As immigration supporters urge Republicans such as U.S. Sen. Marco Rubio, R-Fla., left, to get immigration reform done, the special status of Cuban émigrés, like those on the right applying for visas in Havana, Cuba, is being called into question by critics who say the law allowing them to do so is outdated. (Photo : Reuters)
With immigration reform seemingly closer than ever before, supporters of a deal fixing the U.S. immigration system are pushing for Republicans to get a deal done soon--one that would provide a pathway to citizenship for undocumented immigrants.
With the backing of the White House, immigrant lobbying groups are starting a nationwide campaign aimed at getting Republicans to the table on the immigration reform debate. So far, the campaign involves efforts from Hispanic, Asian and African American groups as well as faith groups, labor unions and law enforcement and business reps.
AFL-CIO President Richard Trumka, who was one of several labor union leaders who met with President Obama Tuesday to discuss immigration reform, told the Washington Post Thursday that the November election sent the GOP "a strong message" that immigration reform was something their party needs to address soon--or else face dire political consequences.
"Our focus is citizenship, getting people to have the same rights as anybody else," he said.
Despite getting pummeled in the polls among Latino voters in November--and growing public support for allowing undocumented immigrants a chance to apply for permanent U.S. residence--Republicans still remain divided on the issue of how to address immigration reform, with some GOP House legislators opposed to granting a pathway to citizenship for undocumented immigrants living in the U.S.
Those feelings were reiterated by Rep. Raúl R. Labrador, R-Idaho, during an immigration hearing in the House Judiciary Committee this week.
"If we can find a solution that is short of pathway to citizenship but better than just kicking 12 million people out, why is that not a good solution?" Labrador said this week.
However, advocates for immigration such as Clarissa Martinez de Castro, an official with the National Council of La Raza, argue that certain GOP members are creating a misconception that reforming immigration is a choice between mass deportation and immediate citizenship.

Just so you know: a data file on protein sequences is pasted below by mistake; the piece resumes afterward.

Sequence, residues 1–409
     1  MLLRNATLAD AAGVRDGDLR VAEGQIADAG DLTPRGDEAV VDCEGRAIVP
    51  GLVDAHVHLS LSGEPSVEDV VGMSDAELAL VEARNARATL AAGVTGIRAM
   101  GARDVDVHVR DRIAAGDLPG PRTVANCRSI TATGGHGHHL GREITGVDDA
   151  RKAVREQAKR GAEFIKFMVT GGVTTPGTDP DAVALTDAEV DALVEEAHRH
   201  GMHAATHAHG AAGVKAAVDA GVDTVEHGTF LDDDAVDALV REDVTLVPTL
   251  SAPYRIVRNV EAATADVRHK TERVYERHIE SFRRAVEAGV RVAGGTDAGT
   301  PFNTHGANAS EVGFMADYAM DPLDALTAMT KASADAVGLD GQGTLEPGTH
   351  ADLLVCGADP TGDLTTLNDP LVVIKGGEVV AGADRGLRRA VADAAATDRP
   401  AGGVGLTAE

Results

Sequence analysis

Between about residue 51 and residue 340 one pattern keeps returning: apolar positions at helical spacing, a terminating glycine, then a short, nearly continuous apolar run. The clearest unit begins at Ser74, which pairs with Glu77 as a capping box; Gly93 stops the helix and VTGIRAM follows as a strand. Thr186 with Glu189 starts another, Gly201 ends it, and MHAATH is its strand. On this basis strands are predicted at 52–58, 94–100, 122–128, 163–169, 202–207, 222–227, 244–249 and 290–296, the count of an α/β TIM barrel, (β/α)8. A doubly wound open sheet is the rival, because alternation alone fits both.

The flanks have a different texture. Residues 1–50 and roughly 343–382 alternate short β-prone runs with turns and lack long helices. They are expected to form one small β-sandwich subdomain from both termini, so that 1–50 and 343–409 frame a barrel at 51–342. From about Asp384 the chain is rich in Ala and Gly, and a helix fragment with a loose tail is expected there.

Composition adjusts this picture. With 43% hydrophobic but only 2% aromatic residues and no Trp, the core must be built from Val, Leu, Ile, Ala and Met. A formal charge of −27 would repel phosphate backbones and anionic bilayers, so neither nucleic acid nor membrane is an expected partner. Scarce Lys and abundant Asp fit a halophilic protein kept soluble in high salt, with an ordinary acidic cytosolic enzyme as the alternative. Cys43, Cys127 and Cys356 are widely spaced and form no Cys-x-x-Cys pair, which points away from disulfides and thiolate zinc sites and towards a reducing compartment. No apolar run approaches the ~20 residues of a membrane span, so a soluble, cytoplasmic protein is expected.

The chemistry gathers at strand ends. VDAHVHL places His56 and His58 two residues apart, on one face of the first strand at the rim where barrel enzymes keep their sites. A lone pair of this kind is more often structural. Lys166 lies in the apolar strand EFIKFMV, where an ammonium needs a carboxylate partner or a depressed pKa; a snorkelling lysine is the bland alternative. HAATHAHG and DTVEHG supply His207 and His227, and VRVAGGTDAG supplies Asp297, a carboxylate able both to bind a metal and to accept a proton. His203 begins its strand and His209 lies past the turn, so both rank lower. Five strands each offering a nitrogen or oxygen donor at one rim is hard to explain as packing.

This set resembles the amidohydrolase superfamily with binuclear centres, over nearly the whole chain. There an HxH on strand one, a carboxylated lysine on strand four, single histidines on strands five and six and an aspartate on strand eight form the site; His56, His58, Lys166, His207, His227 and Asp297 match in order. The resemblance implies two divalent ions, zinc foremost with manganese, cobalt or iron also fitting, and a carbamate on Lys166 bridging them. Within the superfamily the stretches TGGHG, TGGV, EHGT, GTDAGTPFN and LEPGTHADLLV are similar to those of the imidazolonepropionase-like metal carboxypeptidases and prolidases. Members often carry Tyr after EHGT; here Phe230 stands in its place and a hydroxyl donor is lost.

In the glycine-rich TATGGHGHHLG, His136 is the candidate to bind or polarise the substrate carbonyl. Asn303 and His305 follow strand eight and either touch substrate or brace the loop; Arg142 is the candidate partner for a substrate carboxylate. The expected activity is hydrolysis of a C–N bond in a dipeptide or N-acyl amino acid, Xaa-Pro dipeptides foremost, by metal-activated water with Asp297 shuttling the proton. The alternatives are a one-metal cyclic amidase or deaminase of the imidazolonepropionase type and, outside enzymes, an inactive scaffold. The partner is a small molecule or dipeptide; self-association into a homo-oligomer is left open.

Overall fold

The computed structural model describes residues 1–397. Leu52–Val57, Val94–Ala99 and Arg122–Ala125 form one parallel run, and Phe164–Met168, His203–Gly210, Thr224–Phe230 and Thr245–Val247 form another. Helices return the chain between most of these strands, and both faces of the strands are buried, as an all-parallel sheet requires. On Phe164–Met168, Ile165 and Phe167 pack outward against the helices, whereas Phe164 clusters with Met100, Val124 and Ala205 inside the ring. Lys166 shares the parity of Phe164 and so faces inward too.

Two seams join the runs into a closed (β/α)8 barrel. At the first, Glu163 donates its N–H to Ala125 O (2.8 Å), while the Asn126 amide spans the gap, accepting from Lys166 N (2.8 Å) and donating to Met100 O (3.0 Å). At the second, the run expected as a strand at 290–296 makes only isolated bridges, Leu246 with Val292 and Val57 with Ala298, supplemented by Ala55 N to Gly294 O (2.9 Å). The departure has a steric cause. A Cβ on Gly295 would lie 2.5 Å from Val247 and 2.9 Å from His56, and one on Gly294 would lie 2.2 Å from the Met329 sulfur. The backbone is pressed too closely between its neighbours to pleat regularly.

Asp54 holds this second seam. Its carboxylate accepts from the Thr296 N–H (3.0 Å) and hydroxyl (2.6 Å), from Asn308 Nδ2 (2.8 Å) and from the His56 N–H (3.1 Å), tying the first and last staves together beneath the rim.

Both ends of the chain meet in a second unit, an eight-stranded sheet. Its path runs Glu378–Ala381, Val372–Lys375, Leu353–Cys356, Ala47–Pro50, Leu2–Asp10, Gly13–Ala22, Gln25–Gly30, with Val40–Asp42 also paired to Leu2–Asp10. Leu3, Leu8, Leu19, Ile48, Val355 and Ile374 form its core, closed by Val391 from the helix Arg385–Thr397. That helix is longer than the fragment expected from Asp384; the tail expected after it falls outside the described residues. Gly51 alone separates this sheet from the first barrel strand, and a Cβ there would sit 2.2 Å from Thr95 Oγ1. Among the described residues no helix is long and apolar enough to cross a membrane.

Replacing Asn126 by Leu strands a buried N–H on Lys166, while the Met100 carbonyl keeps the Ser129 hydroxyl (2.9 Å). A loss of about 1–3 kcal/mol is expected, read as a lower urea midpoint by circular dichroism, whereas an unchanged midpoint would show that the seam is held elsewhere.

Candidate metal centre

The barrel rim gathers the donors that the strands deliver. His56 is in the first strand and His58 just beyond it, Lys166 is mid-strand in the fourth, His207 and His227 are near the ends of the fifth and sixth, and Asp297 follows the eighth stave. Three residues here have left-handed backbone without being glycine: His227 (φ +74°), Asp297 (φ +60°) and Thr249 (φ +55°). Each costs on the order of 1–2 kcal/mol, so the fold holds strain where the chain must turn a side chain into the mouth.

U.S. Sen. John McCain, R-Arizona, one of the bipartisan "Gang of Eight" who released an immigration compromise bill recently that featured a conditional pathway to citizenship for undocumented immigrants that goes with securing the U.S. border, once more reiterated that fixing the immigration system was imperative, not just for the GOP, but for the country at large.
"You can't leave 11 million people in the shadows forever," McCain told the Atlantic in reference to the estimated number of undocumented immigrants living on U.S. soil. "The people that wash our dishes, cut our lawns, take care of our children -- is it right to leave them in the shadows forever? I don't think so."
Meanwhile, as the debate on immigration rages on, an old provision that grants Cuban refugees special status on receiving expedited citizenship is being called into question on Capitol Hill.
Critics say that the Adjustment Act, which allows Cuban immigrants to apply for permanent U.S. citizenship after at least one year in the U.S., say the law is outdated and should be adjusted.
According to Reuters, every year, roughly 36,000 to 40,000 Cubans arrive on U.S. shores, many of them selected via a lottery or a family reunification program. Of those numbers, around 10,000 Cuban refugees come without visas, coming in illegally by boat or through the U.S.-Mexico border.
Even U.S. Sen. Marco Rubio, R-Fla., a son of Cuban immigrants who has defended the law in the past, said the law will likely be talked about in regards to tweaking it.
"I'm not sure we're going to be able to avoid, as part of any comprehensive approach to immigration, a conversation about the Cuban Adjustment Act," Rubio told reporters last month.